A lack of foot traffic on Main Street on Saturday morning, January 31, did not deter a group of homeless rights advocates who took to the lawn of Santa Monica City Hall to draw attention to the lack of shelter for the homeless.
According to co-organizer Randy Walberger of S.H.E.L.T.E.R (Supporting Homeless Existence Leading to Enabled Recovery), this first of many planned demonstrations was an attempt to alert people to the lack of shelter space, especially beds, for the homeless in Los Angeles County.
After an introductory speech by Felix Garcia of Side by Side, an organization that provides information to the homeless and teaches them to advocate for themselves, Walberger spoke passionately about the lack of places for the homeless to sleep.
“People forget that the homeless may be staying on the street by day but their night is a nightmare,” he said. Citing Martin Luther King’s crusade for freedom for all, he added, “You can’t have rights for all when you criminalize those who are unable to house themselves.”
Many of those present were homeless or formerly homeless people, who spoke of their experiences.
Nancy Trautelaar became homeless after a struggle with Lyme Disease cost her all her savings in medical expenses. But she has been working her way back to a better life through the help of services like Side By Side and Chrysalis.
Trautelaar asked that City Hall “increase the level of compassion,” and pointed out that i Cugini Restaurant had donated the proceeds from one of its Sunday “Jazz Brunches” to OPCC (Ocean Park Community Center). She explained that an i Cugini employee named “Zobig” had spearheaded the donation. “I had to go and thank her. I thought that was a beautiful gesture.”
Robert Hunt Junior stated that he is “the Malcolm X and the Martin Luther King of the homeless movement.” He handed out copies of a poem reading, in part:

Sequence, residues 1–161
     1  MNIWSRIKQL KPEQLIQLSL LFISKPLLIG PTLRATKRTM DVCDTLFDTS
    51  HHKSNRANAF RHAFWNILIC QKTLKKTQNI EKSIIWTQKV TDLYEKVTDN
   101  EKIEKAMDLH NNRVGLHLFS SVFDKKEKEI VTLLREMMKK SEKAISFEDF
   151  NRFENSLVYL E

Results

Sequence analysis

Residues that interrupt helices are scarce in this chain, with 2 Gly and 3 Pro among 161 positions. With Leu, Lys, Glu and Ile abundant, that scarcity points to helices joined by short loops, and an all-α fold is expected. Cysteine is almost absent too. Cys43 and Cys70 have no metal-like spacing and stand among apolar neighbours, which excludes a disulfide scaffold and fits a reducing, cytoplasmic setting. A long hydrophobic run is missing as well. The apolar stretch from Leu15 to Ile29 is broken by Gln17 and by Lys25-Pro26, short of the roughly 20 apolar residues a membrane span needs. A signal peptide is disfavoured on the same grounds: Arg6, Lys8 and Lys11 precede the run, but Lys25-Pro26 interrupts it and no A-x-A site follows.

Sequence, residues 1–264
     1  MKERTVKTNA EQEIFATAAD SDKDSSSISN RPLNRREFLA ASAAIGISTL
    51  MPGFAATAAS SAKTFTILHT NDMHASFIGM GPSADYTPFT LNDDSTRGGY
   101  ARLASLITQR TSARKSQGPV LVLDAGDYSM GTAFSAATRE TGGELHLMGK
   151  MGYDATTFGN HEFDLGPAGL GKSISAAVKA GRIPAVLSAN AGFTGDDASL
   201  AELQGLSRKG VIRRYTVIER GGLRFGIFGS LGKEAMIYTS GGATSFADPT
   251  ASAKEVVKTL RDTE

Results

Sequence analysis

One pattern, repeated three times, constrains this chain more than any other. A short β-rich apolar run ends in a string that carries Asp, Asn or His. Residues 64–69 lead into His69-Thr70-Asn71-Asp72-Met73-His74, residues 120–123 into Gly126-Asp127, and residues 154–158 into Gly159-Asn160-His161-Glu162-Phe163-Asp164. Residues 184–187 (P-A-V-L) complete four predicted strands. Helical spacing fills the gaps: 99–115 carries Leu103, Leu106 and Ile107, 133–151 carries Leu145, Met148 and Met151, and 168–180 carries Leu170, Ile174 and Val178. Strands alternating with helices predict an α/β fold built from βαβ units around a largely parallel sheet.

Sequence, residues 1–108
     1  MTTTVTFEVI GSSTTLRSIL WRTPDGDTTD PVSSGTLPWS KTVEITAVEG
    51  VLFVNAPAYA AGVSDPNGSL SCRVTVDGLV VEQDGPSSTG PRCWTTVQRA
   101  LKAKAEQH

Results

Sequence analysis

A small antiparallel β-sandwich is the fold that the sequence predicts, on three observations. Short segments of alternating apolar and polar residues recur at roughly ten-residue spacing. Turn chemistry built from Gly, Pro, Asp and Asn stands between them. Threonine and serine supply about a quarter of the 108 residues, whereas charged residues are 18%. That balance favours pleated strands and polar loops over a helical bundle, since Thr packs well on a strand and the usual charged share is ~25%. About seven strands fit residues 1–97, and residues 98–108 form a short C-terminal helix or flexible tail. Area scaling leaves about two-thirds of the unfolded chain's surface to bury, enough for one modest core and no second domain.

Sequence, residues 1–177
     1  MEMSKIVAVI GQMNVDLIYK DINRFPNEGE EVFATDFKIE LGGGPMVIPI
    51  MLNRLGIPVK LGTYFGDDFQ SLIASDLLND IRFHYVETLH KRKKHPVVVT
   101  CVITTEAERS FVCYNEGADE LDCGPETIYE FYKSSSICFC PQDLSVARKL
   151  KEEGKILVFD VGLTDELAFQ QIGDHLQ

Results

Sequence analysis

“The Words ‘I Love You’ are indeed wonderful and endearing, but the 3 most POWERFUL words in the universe are…CAN I HELP?”
Jan Waldstein told the Mirror that she had been homeless since last July. She traveled from New Jersey to Illinois, and came out to Los Angeles because of the warmer climate and a sister (also homeless) who lives out here. She has survived via feeding programs, occasional stints in shelters, and has slept on the street. She said her survival was the result of “a lot of luck” and the compassion shown by some people who have offered her shelter for a few day here and there.
Lech and Josh, who wandered among the crowd doing interviews with their video cameras, were two students from Chapman College who decided to make a documentary about being homeless and tried being homeless themselves for 30 days.
They said they had slept in the storage building at 4th and Ashland that was once the SMASH school, but were asked to leave. Yes, they had also slept on the hard city pavements.
“Cardboard helps,” said Trautelaar.
For more information on S.H. E.L.T.E.R., write to Supporting Homeless Existence Leading to Enabled Recovery, 1930 Stewart Street, X12, Santa Monica, CA 90404, email@example.com